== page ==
Felixstowe: Stolen Metals Seized
30 March 2012, 13:52
More than £500,000 worth of stolen metals including vehicles and caravans have been seized by officers from ERSOU (Eastern Region Special Operation Unit) following the conclusion of Operation Chisel today in Felixstowe.
Operation Chisel has been running since the end of January and was set up specifically to target the theft of metal in the region.
Officers have intercepted containers at ports including London Thamesport, Tilbury, Felixstowe, Harwich and Dover as the items were about to be shipped abroad to West Africa, China, India and Northern Cyprus.
Items seized include more than five hundred liquid propane Gas Cylinder (LPG) cylinders - including 304 which were seized in one container. The total value of the cylinders recovered is believed to be in excess of £20,000.
Vehicles have also been seized including whole cars and parts of cars which have been stripped down and cut.
A large quantity of national infrastructure cable has also been recovered, believed to be worth several thousands of pounds.
Detective Inspector Gary Brotherhood, from ERSOU, who has led Operation Chisel, said: "Firstly, I would like to thank everyone who has worked on Operation Chisel for their relentless hard work and dedication, sometimes in exceptionally difficult and arduous circumstances. The theft and planned exportation of these goods is clearly the work of serious and organised crime groups using this as a means to finance and fund organised crime. This investigation will have significantly disrupted sophisticated criminal networks and investigations. We will continue to work with partners to tackle these crimes and look at areas where we can make it difficult for criminals to operate in this way.
Criminals who target our national infrastructure by stealing cables will be pursued to prevent harm to our communities. We will not tolerate our Regional Ports being used to export stolen vehicles and metals and will do everything we can to disrupt them in their activity. It is a priority to identify others and bring them to justice."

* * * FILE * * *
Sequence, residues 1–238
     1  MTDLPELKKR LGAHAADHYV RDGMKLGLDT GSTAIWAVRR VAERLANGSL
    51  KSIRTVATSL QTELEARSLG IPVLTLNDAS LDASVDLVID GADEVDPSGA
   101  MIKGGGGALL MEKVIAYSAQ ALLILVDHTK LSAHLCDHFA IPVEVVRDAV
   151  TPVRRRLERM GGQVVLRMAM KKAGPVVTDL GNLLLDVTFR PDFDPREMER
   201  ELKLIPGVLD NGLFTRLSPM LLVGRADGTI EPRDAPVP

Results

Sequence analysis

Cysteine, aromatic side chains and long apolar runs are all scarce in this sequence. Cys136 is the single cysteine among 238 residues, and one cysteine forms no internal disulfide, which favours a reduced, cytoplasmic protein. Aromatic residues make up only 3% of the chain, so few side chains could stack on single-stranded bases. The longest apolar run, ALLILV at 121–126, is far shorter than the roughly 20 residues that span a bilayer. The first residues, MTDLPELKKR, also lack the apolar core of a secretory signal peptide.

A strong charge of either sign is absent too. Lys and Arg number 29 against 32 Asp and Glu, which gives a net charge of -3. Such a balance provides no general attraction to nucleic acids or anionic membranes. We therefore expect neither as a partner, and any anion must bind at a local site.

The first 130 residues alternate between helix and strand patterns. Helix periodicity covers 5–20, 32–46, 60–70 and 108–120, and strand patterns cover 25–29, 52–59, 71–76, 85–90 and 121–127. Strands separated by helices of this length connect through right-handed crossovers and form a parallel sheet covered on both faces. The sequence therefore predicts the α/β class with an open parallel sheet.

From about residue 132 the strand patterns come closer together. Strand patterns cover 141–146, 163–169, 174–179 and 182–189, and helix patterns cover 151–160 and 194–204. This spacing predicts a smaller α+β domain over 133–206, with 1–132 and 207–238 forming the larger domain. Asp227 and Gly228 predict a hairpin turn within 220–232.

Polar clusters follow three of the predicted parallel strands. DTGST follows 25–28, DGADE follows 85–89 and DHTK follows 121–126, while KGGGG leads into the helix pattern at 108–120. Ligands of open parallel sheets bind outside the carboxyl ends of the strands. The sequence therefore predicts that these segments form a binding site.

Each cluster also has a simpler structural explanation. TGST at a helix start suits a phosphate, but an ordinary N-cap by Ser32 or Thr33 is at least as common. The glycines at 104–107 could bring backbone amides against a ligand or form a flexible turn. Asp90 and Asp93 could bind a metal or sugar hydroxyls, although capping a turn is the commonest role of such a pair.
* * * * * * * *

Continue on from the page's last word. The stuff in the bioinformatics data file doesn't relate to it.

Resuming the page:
Bill Form, Border Force Assistant Director for Central Region said: "We are all familiar with reports of stolen metal - whether in the form of vehicles, gas cylinders or cabling - and where international crime gangs are involved, we are determined to stop these goods being smuggled out of the UK. That's why Border Force supplied the cutting edge technology and intelligence on international smuggling to support this operation.
The message to smugglers is clear, whatever the contraband, there is no hiding place from Border Force and the police."
Detective Chief Inspector Mark Hooper from AVCIS (ACPO Vehicle Crime Intelligence Service) said: "We were happy to support this operation by providing intelligence and highly-trained vehicle examiners who were able to identify a significant number of stolen vehicles destined for export, many on false identities. This clearly demonstrates that organised criminals remain very active in vehicle theft and burglary, particularly where prestige and valuable vehicles are stolen to order and we are working with colleagues around the country to detect and dismantle their criminal activities."
Calor Gas Ltd, whose cylinders formed a large proportion of those uncovered during this operation, have welcomed the successful policing of Thamesport in this manner.
Paul Blacklock, Calor's head of strategy and corporate affairs said, "For a long time we have suspected that many Calor cylinders were disappearing, not just into the illegal scrap trade, but also as part of a more organised criminal underworld, involving the shipping of cylinders out of the country on an industrial scale.
This operation by the Border Agency and the Police at Thamesport confirms this belief and may well prove to be just the tip of the iceberg. It is therefore important that all those who own or sell cylinders are extremely vigilant against these thieves."
Andy Phillips, Enforcement Officer with the Maritime and Coastguard Agency, commented: "The attempt to ship a large number of undeclared LPG cylinders is a major concern. If loaded onto a cargo vessel they would have posed a serious risk to the safety of the crew and the ship itself. The possible leakage of flammable gases into the hold of a ship during a voyage could have resulted in an explosion with the resulting loss or major damage to the vessel. The shipment of undeclared dangerous goods is an on going issue for the shipping industry and the MCA is very pleased to see the successful outcome of Operation Chisel."